UK house prices rose at their fastest rate in four months during October, mortgage lender Nationwide has said.
Observers are trying to work out which way the market is going
Prices rose 1.1% in October from the previous month, taking the average house price to £186,044, it said.
On an annual basis, house prices rose by 9.7% from the same month in 2006, up from September's figure of 9%.
However, the Nationwide said that it would be "misguided" to view the rise as proof that house prices were immune to problems in the financial markets.
House prices in the three months to October rose by 1.9% compared with the previous three months, up from September's figure of 1.7%.
The three-month on three-month figure is often seen as a more accurate gauge of underlying price movements.
According to the Nationwide, house prices are currently being supported by a number of factors, including the low level of properties coming onto the market.
"Different factors could be driving the low level of instructions, including a reluctance to trade up amid current uncertainties and the fact that low unemployment is limiting the number of forced sales," said Nationwide chief economist Fionnuala Earley.
"The overall result is that the stock of unsold homes is still relatively low, and this is providing some residual support to prices," she added.
Other commentators viewed the Nationwide's figures with surprise.
"[It] seems at odds with the growing evidence of weaker buyer confidence, slowing mortgage demand and easing house price pressures shown by most other housing market indicators," said research firm Capital Economics.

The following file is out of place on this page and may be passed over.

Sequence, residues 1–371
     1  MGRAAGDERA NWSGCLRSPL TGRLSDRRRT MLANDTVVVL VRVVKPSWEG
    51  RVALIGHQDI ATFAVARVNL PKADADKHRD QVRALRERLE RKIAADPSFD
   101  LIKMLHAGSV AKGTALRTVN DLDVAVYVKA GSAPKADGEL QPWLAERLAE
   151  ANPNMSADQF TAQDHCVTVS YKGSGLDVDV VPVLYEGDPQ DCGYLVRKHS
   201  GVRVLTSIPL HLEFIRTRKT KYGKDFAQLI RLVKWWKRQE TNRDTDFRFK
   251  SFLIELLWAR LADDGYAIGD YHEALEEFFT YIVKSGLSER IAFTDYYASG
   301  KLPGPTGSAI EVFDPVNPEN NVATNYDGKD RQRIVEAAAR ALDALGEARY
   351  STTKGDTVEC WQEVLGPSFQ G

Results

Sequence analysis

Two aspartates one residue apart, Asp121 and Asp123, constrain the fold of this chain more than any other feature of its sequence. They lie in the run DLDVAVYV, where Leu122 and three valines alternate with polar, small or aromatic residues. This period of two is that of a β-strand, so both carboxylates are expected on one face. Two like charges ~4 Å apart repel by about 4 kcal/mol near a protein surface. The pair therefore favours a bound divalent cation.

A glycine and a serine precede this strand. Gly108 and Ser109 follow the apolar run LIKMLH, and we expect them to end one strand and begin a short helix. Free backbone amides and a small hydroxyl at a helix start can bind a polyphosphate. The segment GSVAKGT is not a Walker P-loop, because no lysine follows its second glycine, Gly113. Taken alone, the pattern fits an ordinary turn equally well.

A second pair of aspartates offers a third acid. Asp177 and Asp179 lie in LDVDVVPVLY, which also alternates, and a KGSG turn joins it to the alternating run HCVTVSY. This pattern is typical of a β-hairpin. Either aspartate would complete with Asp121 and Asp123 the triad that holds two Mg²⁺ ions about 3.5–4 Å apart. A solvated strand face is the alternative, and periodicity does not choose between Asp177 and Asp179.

"As such, we would be wary of interpreting today's data as evidence that the housing market remains robust," it added.
But Simon Rubinsohn, chief economist of the Royal Institution of Chartered Surveyors, said the Nationwide's survey should be taken seriously.
"The endless talk of the demise of the property market is, at the very least, a little premature," he said.
"The 1.1% gain in prices in October represents the highest month-on-month increase this year and provides a stark contrast to the fears of outright price declines."
Recently other indicators have appeared to point to a slowing housing market, including a fall in mortgage approvals reported by the Bank of England and a drop in buyer inquiries as seen by estate agents.
Last week, the Land Registry for England and Wales reported that annual property price inflation had slowed in September to 8.7% from 9.4% in August, describing this as a "noticeable dip".
Other recent surveys from big mortgage lenders, the Royal Institution of Chartered Surveyors (Rics) and the Department of Communities and Local Government, have all been pointing in the same direction.
However, while there is evidence of a slowing in house price growth in many areas of the UK, it does not necessarily mean that the market will fall, the Nationwide said.
Referring to a report by the International Monetary Fund which claimed that UK house prices were overvalued, Ms Earley said it was "indisputable" that property values had climbed ahead of certain key indicators, particularly earnings.
But that did not mean that house prices were "destined to fall", she added.
"In fact, in the absence of an early 1990s-style shock to unemployment or interest rates, they are unlikely to do so," she explained.